The latest grocery share figures from Kantar Worldpanel, published today for the 12 weeks ending 27 March 2016, show the fastest growth the sector has seen all year. Supermarket sales have grown by 1.1% compared with the same period last year.
Fraser McKevitt, head of retail and consumer insight at Kantar Worldpanel, comments: “An early Easter gave the market a sales boost of £152 million compared to last year, adding 0.6% to the overall growth rate. Britain’s love of all things sweet was in evidence, with 63% of households buying at least one chocolate egg during March, spending an average of £12 over the month. Over half of the population bought hot cross buns, while 15% purchased a fresh leg of lamb for their Easter celebrations.”
The Co-operative saw sales increase by 3.9% – its fastest growth since the Somerfield acquisition in 2011 – increasing its market share by 0.1 percentage points to 6.1%. Heeding the retailer’s call for a ‘little and often’ approach to shopping, consumers have been visiting The Co-operative’s stores more frequently, especially for fresh food and own label products. Many of its shops remained open on Easter Sunday, providing an additional opportunity to shop when many larger supermarkets were closed.
Sainsbury’s February announcement that it is scaling back multi-buy promotions hasn’t dampened performance at the retailer, which continued to lead the big four with a sales increase of 1.2%. Spend on deals in Sainsbury’s which require consumers to buy two or more items together fell by 73%, with shoppers instead purchasing a price-cut promotion or paying full price.
Shoppers continue to benefit from falling grocery prices, with like-for-like prices 1.5% lower than this time last year. Fraser McKevitt continues: “While saving money on the basics, consumers are not averse to treating themselves. Premium own label sales grew by 6.6% in the past 12 weeks, well ahead of the overall grocery market. Aldi and Lidl are leading the way, growing their premium lines more than twice as quickly as the rest of their ranges, but we’ve seen this across the retail spectrum – from Morrisons and The Co-operative to the likes of Waitrose, whose forthcoming launch of Waitrose 1 is the latest attempt by a traditional grocer to reclaim sales from the discounters.”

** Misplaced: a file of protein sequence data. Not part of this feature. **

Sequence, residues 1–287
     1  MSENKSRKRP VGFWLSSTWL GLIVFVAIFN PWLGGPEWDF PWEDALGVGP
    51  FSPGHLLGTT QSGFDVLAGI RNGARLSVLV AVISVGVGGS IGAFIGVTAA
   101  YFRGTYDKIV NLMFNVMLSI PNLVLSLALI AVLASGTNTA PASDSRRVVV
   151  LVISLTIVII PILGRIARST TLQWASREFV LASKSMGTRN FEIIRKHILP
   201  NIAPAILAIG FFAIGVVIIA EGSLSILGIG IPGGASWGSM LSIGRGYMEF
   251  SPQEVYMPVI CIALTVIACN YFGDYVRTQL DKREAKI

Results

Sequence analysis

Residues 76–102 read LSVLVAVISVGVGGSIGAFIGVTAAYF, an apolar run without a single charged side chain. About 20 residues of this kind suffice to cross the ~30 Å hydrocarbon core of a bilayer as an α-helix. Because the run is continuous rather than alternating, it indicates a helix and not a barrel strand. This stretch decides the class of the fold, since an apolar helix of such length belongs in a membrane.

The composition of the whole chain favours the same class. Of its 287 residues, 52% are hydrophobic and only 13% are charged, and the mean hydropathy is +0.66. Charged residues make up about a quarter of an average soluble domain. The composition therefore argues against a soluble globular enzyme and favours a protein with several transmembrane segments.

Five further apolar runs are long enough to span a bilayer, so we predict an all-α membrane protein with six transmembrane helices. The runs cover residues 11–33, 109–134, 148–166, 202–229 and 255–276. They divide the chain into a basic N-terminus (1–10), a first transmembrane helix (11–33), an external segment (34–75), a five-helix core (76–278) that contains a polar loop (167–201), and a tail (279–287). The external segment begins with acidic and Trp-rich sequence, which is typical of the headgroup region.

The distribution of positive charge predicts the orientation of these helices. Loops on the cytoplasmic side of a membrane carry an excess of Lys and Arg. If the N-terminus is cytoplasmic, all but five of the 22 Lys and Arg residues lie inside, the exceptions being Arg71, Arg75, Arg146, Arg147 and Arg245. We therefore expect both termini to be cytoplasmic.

For the fourth month in a row Tesco’s decline lessened, with sales now down by only -0.2% year-on-year. Fraser McKevitt continues: “A small increase in shopper numbers suggests Tesco could return to growth in the next few months; welcome news after 12 months in decline. Partly hindered by previously announced store closures, Tesco’s market share fell by 0.3 percentage points to 28.1%.
“Also feeling the impact of operating fewer shops, Morrisons saw sales fall by 2.4%, an improvement on last month, while its market share decreased by 0.4 percentage points to 10.5%.”
Elsewhere Lidl retained their place as the fastest growing supermarket, increasing sales by 17.7% to capture 4.4% of the market, while Aldi grew sales by 14.4% to reach a new record-high market share of 6.0%.
An update on inflation
Grocery inflation now stands at -1.5%* for the 12 week period ending 27 March 2016. This means shoppers are now paying less for a representative basket of groceries than they did in 2015. This is the 20th consecutive period of grocery price deflation. Falling prices reflect the impact of Aldi and Lidl and the market’s competitive response, as well as deflation in some major categories such as butter, fresh sausages and crisps.
*This figure is based on over 75,000 identical products compared year-on-year in the proportions purchased by shoppers and therefore represents the most authoritative figure currently available. It is a ‘pure’ inflation measure in that shopping behaviour is held constant between the two comparison periods – shoppers are likely to achieve a lower personal inflation rate if they trade down or seek out more offers.